The tree is used for oil, fibre, fruit, Fruit is usually consumed as "milk" From the fruits of a drink is prepared "Majo" called "nice milk" or "chicha" of milpesos, which is considered a good food and is available in the local market. Fresh milk taken every day, and is used to combat diabetes. With the fruits of Euterpe species (naidí) and Oenocarpus ("Milpesos") both, they prepare nutritious and delicious drinks. The "Milpesos" deserves special attention, the black berries of this palm, which bears fruit once a year, produce an oily drink, studies have found it is the 2nd most valuable non-timber forest product in the region. Oil is valuable locally and for export (cooking, cosmetics), but the market has not been explored extensively. Oenocarpus batua reproduces approximately every two years; time from pollination to mature fruits = 10~14 months. Flower duration ~ 4 weeks. The author found that fruits peak in late dry - early wet season, but are available in some quantity throughout the year.
Production: Measured 700 kg / ha of fruit every two years (~51.8 kg oil / two years). Traditional methods to predict fruit abundance (dbh, height, leaf counts) were unreliable. The Palm heart is also consumed.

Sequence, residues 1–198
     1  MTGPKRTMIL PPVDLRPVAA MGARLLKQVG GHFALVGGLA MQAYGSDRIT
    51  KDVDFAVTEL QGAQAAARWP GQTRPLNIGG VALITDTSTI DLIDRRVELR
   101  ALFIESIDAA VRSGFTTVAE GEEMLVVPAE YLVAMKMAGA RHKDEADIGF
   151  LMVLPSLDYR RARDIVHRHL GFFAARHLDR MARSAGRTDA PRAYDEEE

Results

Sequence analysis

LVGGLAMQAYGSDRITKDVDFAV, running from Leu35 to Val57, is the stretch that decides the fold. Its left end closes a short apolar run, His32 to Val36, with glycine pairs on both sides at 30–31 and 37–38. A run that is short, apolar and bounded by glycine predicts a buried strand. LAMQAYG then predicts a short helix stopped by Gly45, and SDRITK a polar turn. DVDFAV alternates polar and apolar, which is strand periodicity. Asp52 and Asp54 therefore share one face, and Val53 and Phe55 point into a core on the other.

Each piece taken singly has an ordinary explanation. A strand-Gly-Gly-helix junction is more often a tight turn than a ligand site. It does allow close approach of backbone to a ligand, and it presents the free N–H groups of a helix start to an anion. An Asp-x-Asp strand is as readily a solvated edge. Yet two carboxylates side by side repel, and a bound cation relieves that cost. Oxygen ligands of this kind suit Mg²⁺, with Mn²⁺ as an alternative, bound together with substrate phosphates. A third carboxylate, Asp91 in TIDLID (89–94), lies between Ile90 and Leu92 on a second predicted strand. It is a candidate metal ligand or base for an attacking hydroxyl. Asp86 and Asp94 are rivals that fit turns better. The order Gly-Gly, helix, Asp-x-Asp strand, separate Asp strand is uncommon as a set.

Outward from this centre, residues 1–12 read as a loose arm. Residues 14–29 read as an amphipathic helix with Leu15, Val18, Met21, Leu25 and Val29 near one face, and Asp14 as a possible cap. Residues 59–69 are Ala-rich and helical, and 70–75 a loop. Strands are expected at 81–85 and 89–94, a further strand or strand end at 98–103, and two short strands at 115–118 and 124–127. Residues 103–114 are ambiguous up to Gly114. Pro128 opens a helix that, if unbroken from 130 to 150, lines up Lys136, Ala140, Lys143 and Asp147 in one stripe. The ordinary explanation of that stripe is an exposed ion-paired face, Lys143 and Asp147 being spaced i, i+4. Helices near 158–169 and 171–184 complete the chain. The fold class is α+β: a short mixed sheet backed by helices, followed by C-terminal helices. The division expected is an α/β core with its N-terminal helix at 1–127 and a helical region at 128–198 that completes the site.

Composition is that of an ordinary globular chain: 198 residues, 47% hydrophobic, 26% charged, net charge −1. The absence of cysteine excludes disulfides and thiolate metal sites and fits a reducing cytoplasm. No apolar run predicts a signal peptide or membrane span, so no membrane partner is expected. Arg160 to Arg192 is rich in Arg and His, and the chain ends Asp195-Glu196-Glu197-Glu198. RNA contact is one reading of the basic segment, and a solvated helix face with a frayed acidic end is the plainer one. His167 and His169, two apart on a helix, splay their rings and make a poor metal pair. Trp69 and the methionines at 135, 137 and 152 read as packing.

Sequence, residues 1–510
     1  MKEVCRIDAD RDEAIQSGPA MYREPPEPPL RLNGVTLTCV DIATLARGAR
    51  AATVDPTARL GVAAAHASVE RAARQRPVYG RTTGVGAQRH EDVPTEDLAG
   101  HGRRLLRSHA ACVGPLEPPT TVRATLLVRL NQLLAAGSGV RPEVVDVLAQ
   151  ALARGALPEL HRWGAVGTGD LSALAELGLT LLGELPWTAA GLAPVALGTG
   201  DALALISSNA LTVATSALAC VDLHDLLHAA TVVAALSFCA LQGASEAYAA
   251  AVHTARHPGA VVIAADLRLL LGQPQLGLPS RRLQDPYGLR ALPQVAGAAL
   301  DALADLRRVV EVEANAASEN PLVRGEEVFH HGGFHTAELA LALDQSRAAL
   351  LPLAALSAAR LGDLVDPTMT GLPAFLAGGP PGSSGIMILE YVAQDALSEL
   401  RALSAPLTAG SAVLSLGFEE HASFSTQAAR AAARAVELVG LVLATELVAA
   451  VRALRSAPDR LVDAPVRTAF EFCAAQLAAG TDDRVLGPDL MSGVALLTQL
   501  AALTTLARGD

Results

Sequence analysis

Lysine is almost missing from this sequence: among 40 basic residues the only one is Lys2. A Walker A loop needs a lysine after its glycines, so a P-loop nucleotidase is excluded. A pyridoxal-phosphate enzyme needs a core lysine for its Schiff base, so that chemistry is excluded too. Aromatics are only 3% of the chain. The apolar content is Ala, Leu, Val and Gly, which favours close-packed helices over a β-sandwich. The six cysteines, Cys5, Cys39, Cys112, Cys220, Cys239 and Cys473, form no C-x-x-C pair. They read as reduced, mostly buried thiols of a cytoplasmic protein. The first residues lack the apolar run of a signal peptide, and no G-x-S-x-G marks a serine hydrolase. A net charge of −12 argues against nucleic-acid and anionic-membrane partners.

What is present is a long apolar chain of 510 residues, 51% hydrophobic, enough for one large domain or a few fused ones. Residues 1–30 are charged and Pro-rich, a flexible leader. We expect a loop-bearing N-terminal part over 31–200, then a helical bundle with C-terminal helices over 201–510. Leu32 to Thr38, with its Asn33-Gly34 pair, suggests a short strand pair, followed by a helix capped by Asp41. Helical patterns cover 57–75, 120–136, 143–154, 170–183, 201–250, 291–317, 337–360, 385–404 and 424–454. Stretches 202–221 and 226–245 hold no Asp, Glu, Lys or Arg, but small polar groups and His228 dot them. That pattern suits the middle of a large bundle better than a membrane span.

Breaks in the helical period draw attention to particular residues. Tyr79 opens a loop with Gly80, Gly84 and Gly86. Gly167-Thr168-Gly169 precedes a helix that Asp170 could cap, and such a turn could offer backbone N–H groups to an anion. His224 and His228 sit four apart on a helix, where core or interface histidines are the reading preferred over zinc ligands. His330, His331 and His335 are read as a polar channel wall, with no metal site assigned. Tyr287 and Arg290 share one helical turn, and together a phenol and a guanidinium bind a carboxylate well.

The leaves and stems are used in construction, the leaves are used for the roofs of traditional houses, they are one of the most used and appreciated primarily by its length and duration. Used in Basketry. Seeds fashioned into dolls. Parts of the leaves are used to make fish-traps.
The thin, oily mesocarp has chocolate-like taste, and is very popular. It is usually soaked before eating to soften the pulp. "Ungurahui" is used in beverages (such as “chapo”), popsicles, and ice creams. The wood of the stem is split and used for floors, and for other construction needs. The hard endosperm is crushed and eaten to cure snake bites. This palm species is common in upland environments, and can be quite dense in areas of the Reserva Comunal Tamshiyacu-Tahuayo.
Agroforestry: The tall single-stemmed palm is slow growing, and difficult to cultivate. People who want a similar tasting palm fruit usually cultivate the faster growing “sinamillo” palm (Oenocarpus balickii), instead of "Ungurahui". (Rainforest Conservation Fund)
Conservation: Over-exploitation is not a problem (most likely because O. batua has traditionally been planted in forest areas by indigenous peoples). As it grows well in full sun. (amazonoil.com.br)